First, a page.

How Breathing May Be Influencing your Strength or Rehabilitation Program

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Breathing is currently a buzz word in the rehab, strength and performance settings.

Recently Physical Therapists, Chiropractors, Personal Trainers and Strength Coaches have been discussing breathing and how it relates to core stabilization and shoulder, neck, back and hip pain. In a rehab setting Hodges et al (2002) observed that the diaphragm contributes to spinal stability by adding to intra-abdominal pressure and enhanced spinal stiffness. In a performance setting breathing and “bracing” properly can help to increase strength and promote improved recovery through promoting a return to a relaxed state after a hard workout.

I am not the first person nor will I be the last to discuss breathing and how it relates to posture, hip, back and shoulder pain, core stability and athletic performance. Though I may be the first person to bring it to your attention and how it may be affecting your pain and recovery.
Contrary to popular belief your lungs are not your primary muscle of inhalation. Instead it is your diaphragm that should drive inhalation as it “acts like a pump at the base of the lungs. (Calais-Germain, 2006).” If you watch the video below you will see the 4 month old breathing diaphragmatically, eliciting a proper overall expansion of its belly to the front, sides, and back. This is what a proper diaphragmatic breathing pattern looks like.
The central nervous system drives this breathing pattern as it drives all other bodily functions. Nowhere during development did someone teach the baby to breath this way, it intuitively knew that in order to survive, this is how it needed to breathe. When the baby breathes this way his diaphragm is contracting and relaxing properly and by doing so he is able to promote the proper exchange of gases in a passive manner, not even thinking about each breath that he takes. This diaphragmatic breathing then serves as the baby’s basis for core stability as they will brace from their diaphragm prior to reaching outside of their base of support, learning to crawl and squat. As you see in the pictures below you will not see an increase in the baby’s lower back curve in any of these movements. Instead you will see a cylindrical expansion of the belly to promote core stability. This is not always the case in an adolescent or adult.
As people age whether it be daily Central Nervous System Stressors or postural habits somewhere along the line most of us lose the ability to properly breathe with our diaphragm. Take a look at your spouse or child and be more aware of how you, yourself is breathing. Do you see their chest rise and neck muscles turn on? Are they using their chest and neck muscles to drive their breathing pattern, or do you see their belly cylindrically expand?
Breathing apically, or with upper chest and neck musculature, can lead to many physiological and structural changes that can negatively influence a person’s spinal column, pelvic positioning and soft tissue attachments. This may lead to neck, shoulder and chest tightness causing headaches, shoulder problems and back pain.
When your neck, low back, or shoulders are out of position or alignment due to increased soft tissue restriction, weakness, increased low back curve, increased anterior pelvic tilt or elevated rib position, injuries occur due to a weak link in the kinetic chain. For instance in a patient with an elevated rib position their shoulder blade will not sit in an optimal, mechanically advantageous position which may lead to problems after repetitive throwing or lifting overhead activities. When a patient has an increased anterior pelvic tilt or increased low back curve this may lead to low back pain or hip problems.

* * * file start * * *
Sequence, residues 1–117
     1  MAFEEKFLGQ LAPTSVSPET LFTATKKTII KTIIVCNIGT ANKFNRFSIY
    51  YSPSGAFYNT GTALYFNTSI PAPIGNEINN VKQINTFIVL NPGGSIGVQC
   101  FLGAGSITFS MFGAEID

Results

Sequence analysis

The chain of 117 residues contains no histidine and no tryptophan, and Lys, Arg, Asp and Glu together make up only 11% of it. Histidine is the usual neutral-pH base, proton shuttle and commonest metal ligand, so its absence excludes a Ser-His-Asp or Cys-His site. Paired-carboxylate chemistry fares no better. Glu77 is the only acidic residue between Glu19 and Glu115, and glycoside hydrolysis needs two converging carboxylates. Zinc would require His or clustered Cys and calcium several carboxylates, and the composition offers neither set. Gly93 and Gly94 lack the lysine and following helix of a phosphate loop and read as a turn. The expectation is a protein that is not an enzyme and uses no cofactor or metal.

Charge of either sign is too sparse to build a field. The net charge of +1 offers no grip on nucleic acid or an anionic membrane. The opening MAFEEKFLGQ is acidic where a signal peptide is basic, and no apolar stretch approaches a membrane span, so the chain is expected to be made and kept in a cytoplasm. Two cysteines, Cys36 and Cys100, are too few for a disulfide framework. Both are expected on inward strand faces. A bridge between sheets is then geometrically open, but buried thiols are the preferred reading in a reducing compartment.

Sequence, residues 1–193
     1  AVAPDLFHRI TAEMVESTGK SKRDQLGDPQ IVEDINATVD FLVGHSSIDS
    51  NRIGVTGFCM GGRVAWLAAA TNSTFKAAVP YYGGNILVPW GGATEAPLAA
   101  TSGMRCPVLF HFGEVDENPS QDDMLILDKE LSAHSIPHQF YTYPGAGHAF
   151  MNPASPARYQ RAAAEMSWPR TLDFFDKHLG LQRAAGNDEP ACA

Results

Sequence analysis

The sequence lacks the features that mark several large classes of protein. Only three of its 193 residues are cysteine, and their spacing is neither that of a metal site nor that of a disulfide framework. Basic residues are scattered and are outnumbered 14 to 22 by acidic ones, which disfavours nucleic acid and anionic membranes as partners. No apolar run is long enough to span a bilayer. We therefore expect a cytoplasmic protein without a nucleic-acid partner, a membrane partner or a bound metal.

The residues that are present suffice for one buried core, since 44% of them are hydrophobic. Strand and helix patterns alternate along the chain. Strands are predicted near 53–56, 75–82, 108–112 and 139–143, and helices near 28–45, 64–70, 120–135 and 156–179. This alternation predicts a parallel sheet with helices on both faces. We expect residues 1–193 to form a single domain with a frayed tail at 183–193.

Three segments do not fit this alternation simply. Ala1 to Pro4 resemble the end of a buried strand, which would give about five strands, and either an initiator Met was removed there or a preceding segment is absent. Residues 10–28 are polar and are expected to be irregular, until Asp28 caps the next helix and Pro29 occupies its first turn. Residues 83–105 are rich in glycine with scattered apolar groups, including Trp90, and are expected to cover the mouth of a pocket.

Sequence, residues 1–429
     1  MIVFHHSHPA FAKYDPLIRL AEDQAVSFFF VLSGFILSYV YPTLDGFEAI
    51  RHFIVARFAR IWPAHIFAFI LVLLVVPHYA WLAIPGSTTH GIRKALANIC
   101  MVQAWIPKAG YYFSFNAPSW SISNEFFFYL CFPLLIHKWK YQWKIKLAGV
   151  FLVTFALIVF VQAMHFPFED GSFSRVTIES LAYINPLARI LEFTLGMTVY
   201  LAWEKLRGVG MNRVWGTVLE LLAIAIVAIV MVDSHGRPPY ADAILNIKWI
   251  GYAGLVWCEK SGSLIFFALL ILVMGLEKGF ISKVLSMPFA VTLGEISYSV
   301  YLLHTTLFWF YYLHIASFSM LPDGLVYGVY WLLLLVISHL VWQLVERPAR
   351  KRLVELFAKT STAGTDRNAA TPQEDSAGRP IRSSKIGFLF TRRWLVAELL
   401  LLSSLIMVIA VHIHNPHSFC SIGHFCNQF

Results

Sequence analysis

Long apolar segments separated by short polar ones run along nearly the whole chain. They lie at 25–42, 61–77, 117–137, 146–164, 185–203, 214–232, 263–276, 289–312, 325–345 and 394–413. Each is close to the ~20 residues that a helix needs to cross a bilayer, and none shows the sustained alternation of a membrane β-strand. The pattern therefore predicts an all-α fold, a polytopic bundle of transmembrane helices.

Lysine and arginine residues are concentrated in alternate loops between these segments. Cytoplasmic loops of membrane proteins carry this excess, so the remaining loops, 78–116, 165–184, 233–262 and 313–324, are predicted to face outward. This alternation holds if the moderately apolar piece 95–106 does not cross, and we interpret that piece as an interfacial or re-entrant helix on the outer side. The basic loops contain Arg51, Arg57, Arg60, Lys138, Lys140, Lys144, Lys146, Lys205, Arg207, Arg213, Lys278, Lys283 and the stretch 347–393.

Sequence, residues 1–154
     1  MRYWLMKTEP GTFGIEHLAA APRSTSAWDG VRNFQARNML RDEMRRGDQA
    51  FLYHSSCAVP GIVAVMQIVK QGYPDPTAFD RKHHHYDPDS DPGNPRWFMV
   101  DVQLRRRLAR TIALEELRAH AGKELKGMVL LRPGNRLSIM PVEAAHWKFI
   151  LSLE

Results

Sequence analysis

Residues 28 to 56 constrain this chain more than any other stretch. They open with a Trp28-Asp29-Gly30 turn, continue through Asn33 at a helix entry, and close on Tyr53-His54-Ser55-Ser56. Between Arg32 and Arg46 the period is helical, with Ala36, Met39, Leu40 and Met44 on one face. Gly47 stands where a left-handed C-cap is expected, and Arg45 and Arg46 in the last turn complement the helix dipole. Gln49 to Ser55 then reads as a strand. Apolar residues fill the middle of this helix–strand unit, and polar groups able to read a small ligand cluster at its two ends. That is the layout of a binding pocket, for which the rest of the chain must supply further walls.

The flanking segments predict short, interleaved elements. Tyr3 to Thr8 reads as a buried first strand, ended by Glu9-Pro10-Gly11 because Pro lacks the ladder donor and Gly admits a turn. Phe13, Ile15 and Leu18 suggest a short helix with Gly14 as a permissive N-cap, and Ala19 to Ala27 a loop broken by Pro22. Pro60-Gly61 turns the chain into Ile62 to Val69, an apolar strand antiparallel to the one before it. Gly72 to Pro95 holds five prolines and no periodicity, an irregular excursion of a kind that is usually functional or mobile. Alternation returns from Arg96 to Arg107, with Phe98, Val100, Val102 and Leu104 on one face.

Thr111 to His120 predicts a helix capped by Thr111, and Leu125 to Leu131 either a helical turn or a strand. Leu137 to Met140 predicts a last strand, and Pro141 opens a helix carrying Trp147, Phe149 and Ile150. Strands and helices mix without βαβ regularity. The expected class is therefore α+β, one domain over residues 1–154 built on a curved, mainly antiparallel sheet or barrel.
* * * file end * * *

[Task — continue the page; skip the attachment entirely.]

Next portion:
In patients with low back pain, studies by both Radebold et al (2001) and O’Sullivan and Beales (2007) found that these individuals tend to have poor core muscle activation and brace their superficial abdominal muscles and diaphragm. This negatively influences normal diaphragm function, inhibiting abdominal breathing and encouraging an upper chest or apical breathing pattern. This can lead to neck pain, rounded shoulder posture and resulting rotator cuff or thoracic outlet syndrome symptoms.
As you see everything is connected and not all pathologies originate at the point of pain. Often there is an underlying cause somewhere else in the kinetic chain that leads to the presenting symptoms. By no means are proper diaphragmatic breathing patterns the end all be all but it is certainly an often overlooked component to the treatment plan of care and subsequent rehabilitation.
Contributed by Dr. Jon Herting, PT, DPT, CSCS
Calais-Germain, B. (2006) Anatomy of Breathing. Seattle, WA:  Eastland Press.
Gibbons,  S.G.T.,  2001. The model of, psoas major stability function., In: Proceedings of 1st International, Conference on Movement, Dysfunction,  Sept 21–23,  Edinburgh, Scotland
Hodges PW, Gurfinkel VS, Brumagne S et al 2002 Coexistence of stability and mobility in postural control: evidence from postural compensation for respiration. Exp Brain Res 144:293–302.
Jones,  R.,  2001. Pelvic floor muscle, rehabilitation. Urol. News 5 (5),  2–4
Mehling W,  et al. Randomized,  controlled trial of breath therapy for patients with chronic low-back pain. Altern Ther Health Med. 2005;11:44-52
O’Sullivan P Beale D  2007 Changes in pelvic floor and diaphragm kinematics and respiratory patterns in subjects with sacroiliac joint pain following a motor learning intervention Manual Therapy 12:209–218
Radebold  A Cholewicki J  Polzhofer B  et al 2001., Impaired Postural control of the lumbar spine is associated with delayed muscle response times in patients with chronic idiopathic low back pain. Spine 26(7):724–730

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